A partnership between an aid organisation and the KZN Department of Health will go a long way in clearing the backlog of 3000 people needing treatment for eye ailments and 6000 on the waiting list for life changing eye surgery.
KwaZulu-Natal Health MEC Dr Sibongiseni Dhlomo praised the team at McCord Provincial Eye Hospital for performing about 30 cataract removal surgeries a day.
“But with this support from IIROSA (International Islamic Relief Organisation of South Africa), they can push the daily operations to 100,” he said.
This help means the ability to see clearly again for people like Menzi Mdluli, 23, from Reservoir Hills. He sought help after ignoring discomfort caused by a growth in his eye for months.
“I thought at the clinic they would just give me eye drops or glasses but they referred me to McCords for an operation. I didn’t realise what a big problem the growth could have caused - being blind - but it was not a scary surgery to remove it,” said Mdluli.
Mdluli spoke to The Mercury after coming out of the operating theatre.
On the way in was Nombuso Ngcobo, 41, from Ndwedwe.
Her eye started itching and producing a discharge more than a year ago. “I couldn’t see clearly, it was misty.”
As her condition worsened, she strained her right eye which was was the only one she could see through.
“I was afraid that I would end up blind, so I sought help. Luckily it was not too late and I could still get help.”
It took just 10 minutes for McCord ophthalmologist Dr Kapil Moodley to remove the cataract on Ngcobo’s eye.
During these IIROSA camps, the organisation pays for all the consumable, medicine, transport, lenses, and what ever else is needed.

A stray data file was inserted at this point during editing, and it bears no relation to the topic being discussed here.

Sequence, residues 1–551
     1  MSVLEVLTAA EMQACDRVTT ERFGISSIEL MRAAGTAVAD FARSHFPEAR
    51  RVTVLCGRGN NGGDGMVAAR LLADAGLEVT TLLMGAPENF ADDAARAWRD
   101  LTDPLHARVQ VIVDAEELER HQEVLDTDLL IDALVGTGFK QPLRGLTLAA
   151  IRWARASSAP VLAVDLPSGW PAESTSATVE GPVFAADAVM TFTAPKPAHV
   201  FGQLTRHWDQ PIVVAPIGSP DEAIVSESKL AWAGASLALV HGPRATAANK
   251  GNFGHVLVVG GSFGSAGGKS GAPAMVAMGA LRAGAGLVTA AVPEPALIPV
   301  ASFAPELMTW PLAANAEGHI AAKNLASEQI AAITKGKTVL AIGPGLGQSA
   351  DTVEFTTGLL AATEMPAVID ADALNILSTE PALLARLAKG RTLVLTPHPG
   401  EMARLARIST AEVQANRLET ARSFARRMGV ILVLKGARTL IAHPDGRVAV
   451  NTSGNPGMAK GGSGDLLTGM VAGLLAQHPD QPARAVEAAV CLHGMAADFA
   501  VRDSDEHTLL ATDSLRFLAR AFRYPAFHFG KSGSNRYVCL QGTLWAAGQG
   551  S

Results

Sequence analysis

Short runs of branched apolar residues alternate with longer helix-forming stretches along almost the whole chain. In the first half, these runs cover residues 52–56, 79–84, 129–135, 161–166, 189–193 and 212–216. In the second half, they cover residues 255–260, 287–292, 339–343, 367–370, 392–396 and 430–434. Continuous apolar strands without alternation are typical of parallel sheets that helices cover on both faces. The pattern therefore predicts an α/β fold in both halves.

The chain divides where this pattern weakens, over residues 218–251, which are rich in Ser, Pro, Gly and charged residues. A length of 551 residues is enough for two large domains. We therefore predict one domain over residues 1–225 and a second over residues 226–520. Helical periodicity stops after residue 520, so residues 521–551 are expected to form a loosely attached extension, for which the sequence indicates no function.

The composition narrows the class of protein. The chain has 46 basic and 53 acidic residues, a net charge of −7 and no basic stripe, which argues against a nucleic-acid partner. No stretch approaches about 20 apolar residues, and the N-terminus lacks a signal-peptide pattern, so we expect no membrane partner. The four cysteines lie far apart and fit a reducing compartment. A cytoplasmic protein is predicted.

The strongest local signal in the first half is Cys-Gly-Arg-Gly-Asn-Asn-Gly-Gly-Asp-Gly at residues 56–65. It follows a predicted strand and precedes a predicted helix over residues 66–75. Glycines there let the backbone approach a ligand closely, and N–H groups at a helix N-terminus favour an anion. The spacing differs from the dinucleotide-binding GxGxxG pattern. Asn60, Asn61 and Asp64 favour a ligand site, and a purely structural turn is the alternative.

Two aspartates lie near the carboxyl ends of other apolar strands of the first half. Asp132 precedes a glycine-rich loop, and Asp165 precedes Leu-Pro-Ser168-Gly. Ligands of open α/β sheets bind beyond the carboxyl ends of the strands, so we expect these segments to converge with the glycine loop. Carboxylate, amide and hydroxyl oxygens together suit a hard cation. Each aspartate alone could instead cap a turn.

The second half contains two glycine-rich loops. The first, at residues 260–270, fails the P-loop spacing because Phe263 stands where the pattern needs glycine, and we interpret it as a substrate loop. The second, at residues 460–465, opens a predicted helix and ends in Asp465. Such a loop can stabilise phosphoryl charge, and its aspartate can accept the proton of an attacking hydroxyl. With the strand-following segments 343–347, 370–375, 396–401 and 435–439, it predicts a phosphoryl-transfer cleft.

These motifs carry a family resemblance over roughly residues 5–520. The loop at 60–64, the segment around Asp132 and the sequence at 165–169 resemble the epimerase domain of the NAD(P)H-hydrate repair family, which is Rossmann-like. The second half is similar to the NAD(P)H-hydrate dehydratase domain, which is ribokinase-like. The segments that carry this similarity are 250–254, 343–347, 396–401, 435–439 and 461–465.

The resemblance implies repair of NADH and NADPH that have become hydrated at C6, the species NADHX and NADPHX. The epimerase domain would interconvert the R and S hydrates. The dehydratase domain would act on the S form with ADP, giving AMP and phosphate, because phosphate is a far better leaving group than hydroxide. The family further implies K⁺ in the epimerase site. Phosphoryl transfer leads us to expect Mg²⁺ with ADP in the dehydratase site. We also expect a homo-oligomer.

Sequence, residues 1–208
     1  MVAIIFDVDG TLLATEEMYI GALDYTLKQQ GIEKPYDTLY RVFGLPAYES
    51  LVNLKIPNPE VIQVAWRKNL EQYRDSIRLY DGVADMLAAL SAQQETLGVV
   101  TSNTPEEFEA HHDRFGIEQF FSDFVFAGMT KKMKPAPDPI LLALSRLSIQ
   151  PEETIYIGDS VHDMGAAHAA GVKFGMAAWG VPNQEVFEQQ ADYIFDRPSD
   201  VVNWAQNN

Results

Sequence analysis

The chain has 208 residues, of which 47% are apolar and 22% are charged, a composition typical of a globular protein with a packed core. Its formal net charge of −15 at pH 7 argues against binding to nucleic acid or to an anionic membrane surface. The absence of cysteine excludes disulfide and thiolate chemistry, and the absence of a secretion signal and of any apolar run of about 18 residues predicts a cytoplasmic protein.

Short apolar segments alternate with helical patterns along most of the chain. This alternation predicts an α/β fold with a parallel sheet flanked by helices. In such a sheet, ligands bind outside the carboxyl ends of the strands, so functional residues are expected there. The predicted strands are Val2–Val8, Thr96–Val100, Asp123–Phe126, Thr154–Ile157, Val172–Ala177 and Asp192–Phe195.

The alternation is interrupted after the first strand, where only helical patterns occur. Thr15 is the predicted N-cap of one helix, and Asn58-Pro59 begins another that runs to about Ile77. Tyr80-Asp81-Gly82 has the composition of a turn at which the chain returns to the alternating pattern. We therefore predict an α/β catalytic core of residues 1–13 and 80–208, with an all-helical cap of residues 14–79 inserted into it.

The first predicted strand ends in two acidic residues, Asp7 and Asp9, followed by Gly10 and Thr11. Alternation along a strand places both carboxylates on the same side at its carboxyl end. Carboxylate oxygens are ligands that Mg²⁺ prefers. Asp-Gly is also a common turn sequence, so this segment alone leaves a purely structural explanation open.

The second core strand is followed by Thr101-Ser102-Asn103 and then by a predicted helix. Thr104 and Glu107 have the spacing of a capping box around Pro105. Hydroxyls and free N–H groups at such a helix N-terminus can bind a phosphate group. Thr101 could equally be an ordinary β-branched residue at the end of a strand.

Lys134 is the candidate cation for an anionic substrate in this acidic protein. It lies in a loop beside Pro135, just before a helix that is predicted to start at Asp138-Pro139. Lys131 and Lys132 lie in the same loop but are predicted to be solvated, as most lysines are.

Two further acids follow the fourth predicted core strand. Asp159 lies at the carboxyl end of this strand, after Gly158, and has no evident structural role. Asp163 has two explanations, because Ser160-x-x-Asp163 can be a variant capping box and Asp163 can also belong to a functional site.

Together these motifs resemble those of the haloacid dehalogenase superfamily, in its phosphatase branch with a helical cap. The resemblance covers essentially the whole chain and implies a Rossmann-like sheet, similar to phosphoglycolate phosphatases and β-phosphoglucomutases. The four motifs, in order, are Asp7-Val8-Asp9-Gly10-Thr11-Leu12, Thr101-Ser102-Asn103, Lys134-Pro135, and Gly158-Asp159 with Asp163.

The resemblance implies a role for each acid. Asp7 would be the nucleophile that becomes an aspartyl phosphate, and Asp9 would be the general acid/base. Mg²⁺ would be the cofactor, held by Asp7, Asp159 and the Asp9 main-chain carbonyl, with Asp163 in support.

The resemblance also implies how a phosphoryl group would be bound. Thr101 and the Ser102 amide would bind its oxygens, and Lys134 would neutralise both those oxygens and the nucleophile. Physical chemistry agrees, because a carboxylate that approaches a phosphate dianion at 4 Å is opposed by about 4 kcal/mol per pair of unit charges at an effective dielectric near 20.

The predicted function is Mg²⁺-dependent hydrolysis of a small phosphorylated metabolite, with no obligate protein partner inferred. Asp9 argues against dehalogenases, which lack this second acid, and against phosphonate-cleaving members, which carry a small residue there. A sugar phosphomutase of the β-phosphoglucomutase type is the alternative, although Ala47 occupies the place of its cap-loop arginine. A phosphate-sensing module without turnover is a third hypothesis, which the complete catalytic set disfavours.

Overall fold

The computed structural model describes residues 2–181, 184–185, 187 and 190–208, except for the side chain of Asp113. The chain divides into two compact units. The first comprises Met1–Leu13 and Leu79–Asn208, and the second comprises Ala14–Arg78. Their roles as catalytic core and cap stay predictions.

“McCord is able to do 30 cataract removal surgeries a day. With support from IIROSA, they push the daily operations to 100, so if they are here for a week, it’s 500 people who are given back their sight,” said Dhlomo.
At the hospital on Thursday, there was a busload of people who were brought in from Dundee to have the operation.
Sheikh Walid El Saadi, Southern Africa regional director of IIROSA - said the organisation was committed to serving the underprivileged. “We look at the importance of eyesight, some people never see their grandchildren.
"Almost 60% of blindness in Southern Africa is because of the eye cataract."
While the cost of removing cataracts is not very exorbitant, many people cannot afford it, he said.
“We came up with this programme to make sure that we serve these people and bring back their eyesight.”
This year alone, the organisation was aiming to perform 1500 surgeries in South Africa and aimed for 2500 next year. In Southern Africa, they did 6000 surgeries.
“We have a complete team of doctors and nurses who move with us but we are lucky that in South Africa we don’t need them because we have McCord Hospital who partner with us. We provide whatever they ask for but we are thankful to them for allowing us to use their theatres... the doctors are here, the nurses are here, their doors are open for us,” said El Saadi.
Among the nurses at the hospital, are some who studied ophthalmic nursing and were among the 1400 specialist nurses at the department’s graduation last week.